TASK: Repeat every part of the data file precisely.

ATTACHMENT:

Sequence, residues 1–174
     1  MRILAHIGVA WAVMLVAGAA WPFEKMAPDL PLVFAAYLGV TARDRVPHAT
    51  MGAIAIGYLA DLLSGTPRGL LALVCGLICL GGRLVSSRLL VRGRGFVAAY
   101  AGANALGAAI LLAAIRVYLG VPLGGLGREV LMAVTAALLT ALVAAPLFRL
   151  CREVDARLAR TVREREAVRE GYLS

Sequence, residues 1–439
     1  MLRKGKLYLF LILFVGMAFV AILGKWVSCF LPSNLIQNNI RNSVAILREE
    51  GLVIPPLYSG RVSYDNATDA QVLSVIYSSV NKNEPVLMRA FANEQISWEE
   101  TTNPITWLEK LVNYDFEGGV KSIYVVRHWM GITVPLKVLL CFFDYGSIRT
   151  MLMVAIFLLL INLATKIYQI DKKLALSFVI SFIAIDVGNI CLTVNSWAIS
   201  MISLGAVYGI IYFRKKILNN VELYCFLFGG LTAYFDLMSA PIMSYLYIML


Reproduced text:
Sequence, residues 1–174
     1  MRILAHIGVA WAVMLVAGAA WPFEKMAPDL PLVFAAYLGV TARDRVPHAT
    51  MGAIAIGYLA DLLSGTPRGL LALVCGLICL GGRLVSSRLL VRGRGFVAAY
   101  AGANALGAAI LLAAIRVYLG VPLGGLGREV LMAVTAALLT ALVAAPLFRL
   151  CREVDARLAR TVREREAVRE GYLS

Sequence, residues 1–439
     1  MLRKGKLYLF LILFVGMAFV AILGKWVSCF LPSNLIQNNI RNSVAILREE
    51  GLVIPPLYSG RVSYDNATDA QVLSVIYSSV NKNEPVLMRA FANEQISWEE
   101  TTNPITWLEK LVNYDFEGGV KSIYVVRHWM GITVPLKVLL CFFDYGSIRT
   151  MLMVAIFLLL INLATKIYQI DKKLALSFVI SFIAIDVGNI CLTVNSWAIS
   201  MISLGAVYGI IYFRKKILNN VELYCFLFGG LTAYFDLMSA PIMSYLYIML